Moline Acquisitions LLC has backed out of its plan to buy the former site of the Audubon School in Rock Island, according to Dr. Mike Oberhaus, Superintendent of the Rock Island-Milan School District.
In May of 2014, the Rock Island-Milan School Board accepted a purchasing agreement from Moline Acquisitions LLC for $700,000. Thomas Morabito was the planned buyer of the site. Morabito works for Seneca Real Estate Advisors out of Chicago. Morabito did not return phone calls to News 8 on Thursday, July 10, 2014.
Dr. Oberhaus tells News 8 the developer did not give a reason for terminating the agreement. He says there is disappointment that the development was not fully executed, but they are hoping to get another interested developer quickly and put the property back in productive use for the community.
Assistant City Manager Jeff Eder also says he doesn't know why the sale fell through. He says that often times, tenants will back out of deals with buyers. Dr. Oberhaus and Eder both said that the property is back on the market. Dr. Oberhaus says they are relying on their brokers to actively market the property and hopefully find a buyer.
The news comes almost one year ago to the day, that Fareway backed out of its plan to buy the site. The grocery store group took out its bid after concerns from neighbors.
"We were mainly concerned about the building of anything there that would front on 17th Avenue, because that's a really residential street," says Tom Taylor, who has lived down the street from the Audubon area since 1977. "It's not like fronting 18th Avenue."
"When they were considering putting that Fareway in, the Department of Transportation did a traffic study and on 17th Avenue. Out of a scale of 100, they rated that road a 23."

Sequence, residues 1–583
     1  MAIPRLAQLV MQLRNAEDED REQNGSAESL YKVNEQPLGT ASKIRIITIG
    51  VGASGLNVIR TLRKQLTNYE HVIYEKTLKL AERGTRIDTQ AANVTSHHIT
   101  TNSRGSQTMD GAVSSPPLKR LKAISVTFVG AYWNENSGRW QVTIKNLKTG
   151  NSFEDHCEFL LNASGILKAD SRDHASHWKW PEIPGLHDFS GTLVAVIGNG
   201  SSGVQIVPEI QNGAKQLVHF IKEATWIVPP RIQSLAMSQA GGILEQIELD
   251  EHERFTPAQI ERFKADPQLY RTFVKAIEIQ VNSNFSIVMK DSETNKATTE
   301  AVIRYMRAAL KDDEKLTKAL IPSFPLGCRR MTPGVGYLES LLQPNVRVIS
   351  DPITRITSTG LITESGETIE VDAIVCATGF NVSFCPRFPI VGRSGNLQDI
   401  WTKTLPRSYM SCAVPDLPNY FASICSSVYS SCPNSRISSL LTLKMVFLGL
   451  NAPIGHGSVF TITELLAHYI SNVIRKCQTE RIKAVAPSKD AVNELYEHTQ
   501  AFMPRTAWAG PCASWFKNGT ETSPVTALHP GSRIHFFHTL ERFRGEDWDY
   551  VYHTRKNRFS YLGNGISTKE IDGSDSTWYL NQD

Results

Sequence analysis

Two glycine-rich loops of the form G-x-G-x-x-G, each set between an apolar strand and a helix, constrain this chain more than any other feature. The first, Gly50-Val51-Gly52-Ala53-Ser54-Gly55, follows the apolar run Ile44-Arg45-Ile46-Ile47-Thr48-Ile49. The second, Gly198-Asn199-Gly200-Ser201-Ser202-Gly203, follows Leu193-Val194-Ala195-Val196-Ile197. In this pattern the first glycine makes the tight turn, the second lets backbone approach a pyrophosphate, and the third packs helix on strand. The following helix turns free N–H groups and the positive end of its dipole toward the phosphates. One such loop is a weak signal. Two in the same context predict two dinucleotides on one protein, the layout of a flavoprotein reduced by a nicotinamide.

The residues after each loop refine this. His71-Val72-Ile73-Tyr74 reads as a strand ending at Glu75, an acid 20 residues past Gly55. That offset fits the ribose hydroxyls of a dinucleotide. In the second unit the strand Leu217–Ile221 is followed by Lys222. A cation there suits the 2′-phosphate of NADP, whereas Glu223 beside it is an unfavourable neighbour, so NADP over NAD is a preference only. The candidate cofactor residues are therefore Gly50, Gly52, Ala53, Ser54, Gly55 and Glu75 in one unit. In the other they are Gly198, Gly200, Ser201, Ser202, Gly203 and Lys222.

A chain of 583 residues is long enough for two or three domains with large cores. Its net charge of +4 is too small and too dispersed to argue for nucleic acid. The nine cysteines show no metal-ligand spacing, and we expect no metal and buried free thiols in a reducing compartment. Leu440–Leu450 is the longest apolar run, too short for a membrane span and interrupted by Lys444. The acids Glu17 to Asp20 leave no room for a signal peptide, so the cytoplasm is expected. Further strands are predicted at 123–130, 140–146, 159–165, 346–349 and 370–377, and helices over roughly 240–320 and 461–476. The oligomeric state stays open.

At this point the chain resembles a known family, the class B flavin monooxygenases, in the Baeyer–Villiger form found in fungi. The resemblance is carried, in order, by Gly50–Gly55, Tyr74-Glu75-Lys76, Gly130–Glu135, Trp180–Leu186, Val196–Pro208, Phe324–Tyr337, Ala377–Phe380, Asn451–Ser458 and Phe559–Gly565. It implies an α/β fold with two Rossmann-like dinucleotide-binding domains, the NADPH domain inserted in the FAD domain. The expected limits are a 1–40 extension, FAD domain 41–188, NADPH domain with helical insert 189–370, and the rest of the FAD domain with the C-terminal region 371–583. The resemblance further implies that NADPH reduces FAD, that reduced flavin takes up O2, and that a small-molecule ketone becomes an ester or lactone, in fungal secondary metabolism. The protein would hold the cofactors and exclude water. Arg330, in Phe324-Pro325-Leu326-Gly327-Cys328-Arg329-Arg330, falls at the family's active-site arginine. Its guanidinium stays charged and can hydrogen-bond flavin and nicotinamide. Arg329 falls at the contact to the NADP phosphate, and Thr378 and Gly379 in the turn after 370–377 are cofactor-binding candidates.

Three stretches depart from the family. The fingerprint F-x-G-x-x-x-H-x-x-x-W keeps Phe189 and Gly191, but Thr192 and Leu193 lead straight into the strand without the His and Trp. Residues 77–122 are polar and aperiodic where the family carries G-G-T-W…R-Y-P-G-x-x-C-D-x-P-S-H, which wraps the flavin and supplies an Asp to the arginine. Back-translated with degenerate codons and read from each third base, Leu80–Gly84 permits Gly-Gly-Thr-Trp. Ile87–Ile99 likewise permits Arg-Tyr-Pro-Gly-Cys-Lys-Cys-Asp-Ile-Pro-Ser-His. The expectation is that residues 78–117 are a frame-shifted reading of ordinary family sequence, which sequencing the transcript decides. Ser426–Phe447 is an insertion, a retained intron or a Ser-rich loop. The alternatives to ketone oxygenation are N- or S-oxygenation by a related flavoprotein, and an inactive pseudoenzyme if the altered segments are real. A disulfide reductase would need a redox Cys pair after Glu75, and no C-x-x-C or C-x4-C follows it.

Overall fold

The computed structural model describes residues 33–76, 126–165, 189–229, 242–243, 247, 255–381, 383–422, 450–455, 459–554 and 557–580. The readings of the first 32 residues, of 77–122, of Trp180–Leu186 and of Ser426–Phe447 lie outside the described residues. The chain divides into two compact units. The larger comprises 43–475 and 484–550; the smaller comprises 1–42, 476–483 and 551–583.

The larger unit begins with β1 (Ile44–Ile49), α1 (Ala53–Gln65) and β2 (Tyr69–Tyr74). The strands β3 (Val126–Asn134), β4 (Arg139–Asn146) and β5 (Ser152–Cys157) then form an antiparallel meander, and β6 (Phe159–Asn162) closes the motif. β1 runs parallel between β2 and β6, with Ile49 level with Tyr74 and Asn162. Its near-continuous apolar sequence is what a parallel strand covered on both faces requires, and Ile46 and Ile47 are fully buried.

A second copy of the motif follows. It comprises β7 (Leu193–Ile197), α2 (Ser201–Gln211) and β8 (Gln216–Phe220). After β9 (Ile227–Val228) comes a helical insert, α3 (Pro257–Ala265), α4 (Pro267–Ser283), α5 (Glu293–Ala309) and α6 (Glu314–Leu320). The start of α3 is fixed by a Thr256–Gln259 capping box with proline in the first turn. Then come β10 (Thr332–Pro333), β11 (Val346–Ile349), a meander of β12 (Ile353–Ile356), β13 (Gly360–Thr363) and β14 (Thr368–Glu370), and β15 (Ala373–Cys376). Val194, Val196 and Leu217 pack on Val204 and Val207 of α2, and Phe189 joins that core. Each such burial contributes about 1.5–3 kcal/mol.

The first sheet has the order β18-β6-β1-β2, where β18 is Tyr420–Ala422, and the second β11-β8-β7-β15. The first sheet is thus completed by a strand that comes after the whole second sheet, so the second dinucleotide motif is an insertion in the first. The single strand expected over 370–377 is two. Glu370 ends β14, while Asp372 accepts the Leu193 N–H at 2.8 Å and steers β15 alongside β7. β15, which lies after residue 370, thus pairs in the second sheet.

Then, in October, the Rock Island-Milan School District School Board voted to demolish Audubon in hopes an empty lot would attract more interest.
"It was kind of disappointing," says George Nesbitt, who lives nearby. "My son went to that school and what was most disappointing to me was the fact that they killed all those trees."
"There's so many sad things about that," adds Taylor. "That was a very sound building and as we watched the demolition we watched a couple hundred thousand dollars worth of fairly new air-conditioning equipment on top of that building just being torn down - what a waste of money."
"It's very sad what has happened to neighborhood schools."
Now, there's nothing at the site and neighbors are starting to share what they would like there.
"I was against the grocery store thing, but I would like an apartment complex and someway to keep some of the green space, like have a park there or something," says Nesbitt.
"We'd like to see smaller bedroom type businesses there which don't front 17th Avenue," adds Taylor.
Taylor says it's important to find something that fits the block, not something that blocks the residents out.
"It's really an attack on the neighborhood is what it is and this community is seemingly doing that in many areas in the city and outlying areas," he says. "It's almost an invasion of residential communities."